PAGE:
Over the course of the week, tensions between Western and Eastern Libyan political factions continued to deepen on the matter of amendments to the Libyan Political Agreement (LPA) following the presentation of a revised version by UN Special Envoy to Libya, Ghassan Salame. The week was also marked by calls issued by Government of National Accord (GNA) affiliated PM to unify the two central banks of Libya, in an attempt to tackle the ongoing economic crisis.
On Nov 21, during a session on Tobruk, the House of Representatives (HoR) voted to endorse a plan presented by the UN Envoy to Libya to solve the current Libyan political crisis. Ghassan Salame’s revised LPA calls for the Presidency Council (PC) to be headquartered in Tripoli and gives power to the HoR to appoint the three members constituting the PC. The HoR's approval of the plan represented a significant advance in the negotiations, since the HoR previously halted talks in Tunis when contentious articles of the LPA were discussed.
However, the High Council of State (HCS), which initially expressed concerns two weeks ago regarding the proposal arguing that it gives too much power to the HoR, rejected the plan presented by the UN during a meeting on Nov 22. According to HCS members, the HCS and HoR must reach a consensus on the amendments to the LPA in order for the LPA to be valid. However, the LPA revision proposed by the UN Special Envoy does not constitute a consensus. Thus far, it remains unclear what the next steps will be.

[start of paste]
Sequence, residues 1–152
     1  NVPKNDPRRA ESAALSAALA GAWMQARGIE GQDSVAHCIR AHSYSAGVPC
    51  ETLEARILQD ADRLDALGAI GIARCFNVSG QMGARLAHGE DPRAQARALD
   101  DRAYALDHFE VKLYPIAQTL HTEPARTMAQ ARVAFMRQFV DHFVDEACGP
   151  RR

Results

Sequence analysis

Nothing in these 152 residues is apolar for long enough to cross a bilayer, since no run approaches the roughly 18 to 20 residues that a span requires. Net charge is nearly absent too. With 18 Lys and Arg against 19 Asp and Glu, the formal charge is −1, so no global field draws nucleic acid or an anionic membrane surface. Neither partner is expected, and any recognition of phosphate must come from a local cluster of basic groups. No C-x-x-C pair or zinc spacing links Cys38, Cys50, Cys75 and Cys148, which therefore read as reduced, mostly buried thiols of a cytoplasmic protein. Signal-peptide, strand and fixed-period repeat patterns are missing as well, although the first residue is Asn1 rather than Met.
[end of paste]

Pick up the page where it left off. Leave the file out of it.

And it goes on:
Meanwhile on economic matters, GNA\ affiliated PM Fayez Sarraj demanded the organization of a meeting next week between officials representing the Tripoli\based Central Bank of Libya (CBL) and its Eastern Libyan counterpart to discuss the unification of the two institutions. PM Sarraj wants the two entities to work together to end the economic crisis currently plaguing the country. However, the persistence of political tensions between Eastern and Western factions will likely continue to hinder the unification of the two banking institutions. Regardless, the Tripoli\ based CBL remains the only institution recognized by the international community.
Lastly, on Nov 23, the head of Waha Oil Company Ahmed Anmar reported that the company was currently producing 260,000 barrels per day (bpd). Waha Oil company’s current oil output reveals an increase of more than 100,000 bpd compared to the company’s production in 2016. While the company seeks to increase its production to 375,000 bpd, the lack of infrastructure and funding hinders further progress, according to Anmar. Internal security issues and instability continue to pose a threat to the full realization of Libya’s oil production capacities.